Everyone knows that kids develop skills at different ages, and it is not always down to intelligence or even teaching. Why do all schools take their intake in September? Kids could have an assessment at nursery, with a recommendation that they can start in September or get some remedial work then start at an intake 4 or 6 months later. That way, it also cuts out the wide age gap for first timers.

  • rate this
    +18

    Comment number 34.

    Parents expect to have babies but then have nothing to do with them until they're in full time employement. The State is expected to feed and cloth them, nurseries/schools are expected to change their nappies, potty train, educate and discipline them; holiday destinations are expected to care them while the parents have fun. Stop buck passing - if a child is deficient look to the parentst. End of.

  • rate this
    +1

    Comment number 33.

    In Scotland, if your child is born near the end of the school term, there is then the option to let them start in the year after the one they normally would do, so would go from the youngest and least able in a class to one where they're the oldest. Junior rugby clubs use the same concept to begin with so there is a start on ability not just simply age.

  • rate this
    -1

    Comment number 32.

    What no one is ready to face is that schools ARE the problem in education now. As a system is is useless for the society we are and attitudes we have, We will not go back to what let them work. We need and can do individual education not herd based schools now. Each to their ability. Start by closing all schools, educate individuals instead.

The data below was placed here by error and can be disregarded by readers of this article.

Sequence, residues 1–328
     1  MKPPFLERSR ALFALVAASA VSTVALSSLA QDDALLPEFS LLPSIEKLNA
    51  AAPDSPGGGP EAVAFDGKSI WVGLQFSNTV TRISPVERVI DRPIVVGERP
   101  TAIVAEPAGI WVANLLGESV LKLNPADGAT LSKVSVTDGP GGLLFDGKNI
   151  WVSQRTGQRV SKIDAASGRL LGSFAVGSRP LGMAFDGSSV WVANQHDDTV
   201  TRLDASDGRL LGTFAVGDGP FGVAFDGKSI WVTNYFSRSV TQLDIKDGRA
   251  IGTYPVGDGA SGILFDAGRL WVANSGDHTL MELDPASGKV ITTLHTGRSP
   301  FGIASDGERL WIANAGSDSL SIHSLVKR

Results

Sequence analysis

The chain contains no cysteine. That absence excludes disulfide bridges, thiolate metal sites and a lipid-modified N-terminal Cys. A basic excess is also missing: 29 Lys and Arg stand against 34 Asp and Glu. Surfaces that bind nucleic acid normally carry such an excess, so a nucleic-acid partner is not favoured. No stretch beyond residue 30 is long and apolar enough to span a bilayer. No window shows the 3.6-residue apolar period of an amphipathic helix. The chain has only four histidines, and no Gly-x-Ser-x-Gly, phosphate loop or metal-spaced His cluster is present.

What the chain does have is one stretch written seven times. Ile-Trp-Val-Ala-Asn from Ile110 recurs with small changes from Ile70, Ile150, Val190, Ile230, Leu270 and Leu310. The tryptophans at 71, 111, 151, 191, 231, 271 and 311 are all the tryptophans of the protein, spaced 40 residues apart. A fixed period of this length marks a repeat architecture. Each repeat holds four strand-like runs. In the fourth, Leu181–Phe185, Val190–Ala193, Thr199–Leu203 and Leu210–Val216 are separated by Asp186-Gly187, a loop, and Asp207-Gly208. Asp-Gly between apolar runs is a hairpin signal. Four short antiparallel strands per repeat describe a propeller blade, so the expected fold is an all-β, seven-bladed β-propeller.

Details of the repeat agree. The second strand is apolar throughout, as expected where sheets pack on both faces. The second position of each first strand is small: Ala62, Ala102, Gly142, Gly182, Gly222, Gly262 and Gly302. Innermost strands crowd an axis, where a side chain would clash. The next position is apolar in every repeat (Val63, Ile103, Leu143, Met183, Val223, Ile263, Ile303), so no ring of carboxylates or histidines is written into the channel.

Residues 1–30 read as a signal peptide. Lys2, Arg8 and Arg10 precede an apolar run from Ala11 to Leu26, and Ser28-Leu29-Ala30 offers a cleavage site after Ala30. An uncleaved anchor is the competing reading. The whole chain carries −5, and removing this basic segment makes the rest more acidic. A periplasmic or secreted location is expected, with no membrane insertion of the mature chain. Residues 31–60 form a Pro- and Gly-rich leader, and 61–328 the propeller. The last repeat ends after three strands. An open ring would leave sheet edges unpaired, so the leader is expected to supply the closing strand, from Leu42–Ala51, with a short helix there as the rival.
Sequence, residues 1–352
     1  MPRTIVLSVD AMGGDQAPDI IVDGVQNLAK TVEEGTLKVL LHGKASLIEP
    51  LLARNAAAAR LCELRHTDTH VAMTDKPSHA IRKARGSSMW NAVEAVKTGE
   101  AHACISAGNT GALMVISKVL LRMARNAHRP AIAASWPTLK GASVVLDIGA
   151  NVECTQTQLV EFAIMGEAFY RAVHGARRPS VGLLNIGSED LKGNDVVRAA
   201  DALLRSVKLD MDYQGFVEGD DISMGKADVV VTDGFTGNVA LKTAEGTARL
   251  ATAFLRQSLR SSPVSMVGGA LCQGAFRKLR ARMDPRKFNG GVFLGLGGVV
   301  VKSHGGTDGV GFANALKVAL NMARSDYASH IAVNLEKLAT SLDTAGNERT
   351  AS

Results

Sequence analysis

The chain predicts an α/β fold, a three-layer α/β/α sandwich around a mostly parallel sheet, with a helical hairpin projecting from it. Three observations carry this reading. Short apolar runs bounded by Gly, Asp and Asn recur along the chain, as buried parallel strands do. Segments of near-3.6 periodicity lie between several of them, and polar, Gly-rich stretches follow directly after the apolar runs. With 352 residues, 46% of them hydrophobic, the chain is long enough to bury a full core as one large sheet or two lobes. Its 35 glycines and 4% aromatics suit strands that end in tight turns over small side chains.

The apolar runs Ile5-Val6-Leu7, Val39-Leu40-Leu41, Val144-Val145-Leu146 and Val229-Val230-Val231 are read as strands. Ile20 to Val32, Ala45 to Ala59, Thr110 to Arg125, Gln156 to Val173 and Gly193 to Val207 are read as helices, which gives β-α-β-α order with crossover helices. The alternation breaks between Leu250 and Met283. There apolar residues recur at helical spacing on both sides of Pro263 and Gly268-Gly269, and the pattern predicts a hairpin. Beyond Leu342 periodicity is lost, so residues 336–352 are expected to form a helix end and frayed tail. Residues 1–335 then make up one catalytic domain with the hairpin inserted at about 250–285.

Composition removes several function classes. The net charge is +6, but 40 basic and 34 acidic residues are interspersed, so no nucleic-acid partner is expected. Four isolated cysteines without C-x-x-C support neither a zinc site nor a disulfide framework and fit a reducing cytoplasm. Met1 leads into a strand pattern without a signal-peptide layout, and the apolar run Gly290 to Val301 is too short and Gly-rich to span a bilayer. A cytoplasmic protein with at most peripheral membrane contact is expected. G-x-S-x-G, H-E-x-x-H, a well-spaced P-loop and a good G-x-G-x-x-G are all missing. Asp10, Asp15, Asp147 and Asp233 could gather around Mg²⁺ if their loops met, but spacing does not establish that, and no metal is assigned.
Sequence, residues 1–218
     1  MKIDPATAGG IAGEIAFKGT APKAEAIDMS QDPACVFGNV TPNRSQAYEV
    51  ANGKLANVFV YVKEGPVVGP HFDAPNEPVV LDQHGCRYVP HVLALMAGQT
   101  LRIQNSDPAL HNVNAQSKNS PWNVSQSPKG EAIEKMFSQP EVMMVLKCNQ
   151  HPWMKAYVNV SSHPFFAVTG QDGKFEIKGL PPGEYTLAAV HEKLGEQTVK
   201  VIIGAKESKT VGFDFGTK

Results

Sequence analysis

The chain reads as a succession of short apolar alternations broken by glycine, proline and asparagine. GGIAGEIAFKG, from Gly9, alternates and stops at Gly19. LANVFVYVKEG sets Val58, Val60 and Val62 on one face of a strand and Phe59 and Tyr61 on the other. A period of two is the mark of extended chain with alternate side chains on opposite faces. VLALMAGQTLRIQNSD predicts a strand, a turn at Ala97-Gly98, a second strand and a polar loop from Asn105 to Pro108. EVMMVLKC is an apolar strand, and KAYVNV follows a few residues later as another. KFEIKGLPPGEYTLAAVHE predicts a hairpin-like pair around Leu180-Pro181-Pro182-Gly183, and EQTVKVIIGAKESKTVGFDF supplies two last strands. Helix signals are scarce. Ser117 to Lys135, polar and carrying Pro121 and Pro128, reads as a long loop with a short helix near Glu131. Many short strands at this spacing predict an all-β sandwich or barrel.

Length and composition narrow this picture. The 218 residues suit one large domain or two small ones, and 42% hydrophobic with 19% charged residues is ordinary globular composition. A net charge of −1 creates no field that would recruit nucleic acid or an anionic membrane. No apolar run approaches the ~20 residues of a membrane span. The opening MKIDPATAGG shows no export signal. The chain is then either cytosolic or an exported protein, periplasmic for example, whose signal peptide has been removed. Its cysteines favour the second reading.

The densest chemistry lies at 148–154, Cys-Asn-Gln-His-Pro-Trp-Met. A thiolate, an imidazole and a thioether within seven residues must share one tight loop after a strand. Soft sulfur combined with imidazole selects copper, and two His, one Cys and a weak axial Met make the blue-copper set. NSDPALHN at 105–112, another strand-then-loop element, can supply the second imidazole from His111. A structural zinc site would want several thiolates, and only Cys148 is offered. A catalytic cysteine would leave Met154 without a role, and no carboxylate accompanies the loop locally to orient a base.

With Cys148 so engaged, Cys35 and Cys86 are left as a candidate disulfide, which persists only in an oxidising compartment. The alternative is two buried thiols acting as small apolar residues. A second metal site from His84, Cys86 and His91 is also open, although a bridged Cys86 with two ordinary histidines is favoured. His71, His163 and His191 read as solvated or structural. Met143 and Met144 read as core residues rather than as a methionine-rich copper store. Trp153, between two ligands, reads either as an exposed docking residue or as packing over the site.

• rate this
    +13

    Comment number 31.

    Sounds like an opportunity for yet more teacher knocking. We do what we can with what we are given - often with resources from our own pockets. We are told what to teach and how to teach it, and many feel that this is ineffective. This is controlled by frequent observation to ensure that we don't stray off script. We hope that despite this we can still make a positive difference to kids lives.

  • rate this
    +23

    Comment number 30.

    2.LouiseBP
    100% - my mother was the same (single, worked full time) and we went to a crappy primary in a poor area.
    It has always had less to do with wealth, school and area and more to do with ineffective parenting - basically the problem with almost every current affair these days

  • rate this
    0

    Comment number 29.

    There's always going to be a range of abilities where humans are concerned. That goes for the 3 Rs as well as, say, football or computer games.
    If the average attainment is going up year on year (as indicated) that's a good result. In any case, parents should play at least as big a part as teachers in educational development at this age (via encouraging reading etc).

  • rate this
    0

    Comment number 28.

    No 23 Very true and too the point. I was slow in learning till they discovered my hearing was impaired, couldnt hear Ts, Ss, Rs Ws
    So ends of words were silent. I became a southern lad located in the Northern hemisphere of Yorkshire. You can imagine the problems that were rife there in trying to learn to speak english.

  • rate this
    +8

    Comment number 27.

    There are ways of addressing this. My stepdaughter is dyslexic: her (fee-paying) prep school didn't pick this up and her reading fell behind. We put the time and effort in both reading to her and working on a very structured scheme that taught syllable division. She left primary school with a reading age above 16.